9 Comments

  1. I am 100% sure if you talked to any of the companies tested, before the test, they too would say their lipsticks are lead free. ‘Saying so’ is meaningless without being tested using the same methods as the FDA used. EACH of the companies you listed above use the EXACT SAME pigments and colorants as the brands that tested positive for lead. So there is no reason to believe they are free from lead…and in fact one brand you listed had two lipstics in their line that were tested by the FDA and found to contain lead, so there is no reason to belive the rest do not as well. But that said…the amound of lead in lipstick is not hazardous. If we eliminated lead from everything we ate, drink or breathed…well…we’d have to join Newt on his trip to the moon because everything on planet EARTH is contaminated to one degree or another. If you want to guarantee no lead…then you have to use only uncolored, man-made, synthetics that are manufactured in a controlled setting from individual chemicals — that means no minerals and certainly no agricultural ingredients like beeswax or essential oils. Yes…the FDA should set an upper limit on lead in lipsticks and other cosmetics such as loose powders that we can breathe in with use. No debate there. But that will just create a new campaign — FDA sets limits that are too high — send donations to our campaign here so we can fight them! Deja vu.

  2. Lindsay E. Brown says:

    We appreciate your comment and feedback, Susan. However, most health professionals agree that there is no safe level of lead exposure, no matter how much. Exposure to even trace amounts of lead accumulate within the body over the years and can lead to illness.

  3. No one is debating that lead is hazardous, just that the amount of lead in lipsticks is a very minimal hazard – far, far less than the foods you eat and the water you drink every day. This article addresses the issues better than any others I have read:http://www.thedaily.com/page/2012/02/20/022012-opinions-column-lipstick-butterworth-1-3/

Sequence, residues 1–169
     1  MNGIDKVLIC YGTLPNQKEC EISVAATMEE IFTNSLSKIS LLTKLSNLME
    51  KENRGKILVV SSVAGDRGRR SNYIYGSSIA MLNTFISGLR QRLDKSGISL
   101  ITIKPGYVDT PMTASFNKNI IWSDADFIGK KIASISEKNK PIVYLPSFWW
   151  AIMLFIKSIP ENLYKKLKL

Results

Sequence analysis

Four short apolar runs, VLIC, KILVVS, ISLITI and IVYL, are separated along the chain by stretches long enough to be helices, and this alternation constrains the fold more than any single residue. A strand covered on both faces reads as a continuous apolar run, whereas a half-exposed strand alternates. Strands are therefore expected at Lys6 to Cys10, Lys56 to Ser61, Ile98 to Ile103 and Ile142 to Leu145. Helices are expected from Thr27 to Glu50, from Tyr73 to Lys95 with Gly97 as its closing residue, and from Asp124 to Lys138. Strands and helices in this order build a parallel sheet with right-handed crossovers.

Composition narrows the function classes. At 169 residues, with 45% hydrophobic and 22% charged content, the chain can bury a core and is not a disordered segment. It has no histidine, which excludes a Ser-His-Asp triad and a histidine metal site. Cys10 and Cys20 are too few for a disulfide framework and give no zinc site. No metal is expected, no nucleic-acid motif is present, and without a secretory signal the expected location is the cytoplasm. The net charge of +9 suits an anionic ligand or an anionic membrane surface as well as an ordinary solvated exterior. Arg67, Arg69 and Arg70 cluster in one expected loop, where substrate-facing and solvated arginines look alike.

But my point seems to have been missed — you listed lipsticks in your article as free of lead but there is absolutely no reason to believe they are actally free of lead. Gabriel lipsticks tested positive by the FDA and the company is in the process of determining what testing was done more specifically so that they can address the situation. But it is inaccurate to say they have no lead. They do. The other brands you list are created using the same pigments as the brands that tested positive for lead.

    So on what basis are you saying the brands you listed are free from lead?

  4. Lindsay E. Brown says:

    Thanks again, Sue. We’re looking into these issues further, and speaking to experts, and we’ll be publishing a follow up post to address the questions and the lipstick issue further.

  5. Great! It will be interesting to see what the results are when these brands are actually tested for lead. In the mean time, I did a little research into some of the pigments used in lipsticks (legal and illegal) and posted images on my personal blog if you’d like to look.

  6. Great nice collection i like this thnxxxxx for sharing………))

  7. Hi,

    The brand called “Real Purity” doesn’t appear on the FDA list of 400 products tested that you mention above, or on your “safe” list, so we were wondering if you know if this lipstick brand is safe/lead free? Thanks very much for any response.

  8. This sucks

  9. Lindsay, I don’t see a follow-up published, and I agree with Sue Apito – I have actually been in contact with the Environmental Working Group, and Stacy Malkan – Founder of the Campaign for Safe Cosmetics – and I was told that it is NOT POSSIBLE to create a lipstick with ZERO .ppm of lead – only a lipstick with “undetectable” .ppm which would be based on the tester’s mechanism for detection. Apparently, the FDA’s mechanism for detection is more sensitive than that used by the Campaign for Safe Cosmetic’s researchers; thus the CFSC statement that there were some lipsticks tested with zero “detectable” levels of lead. Unfortunately, many consumers misinterpreted that study to mean ZERO, absolutely NO lead.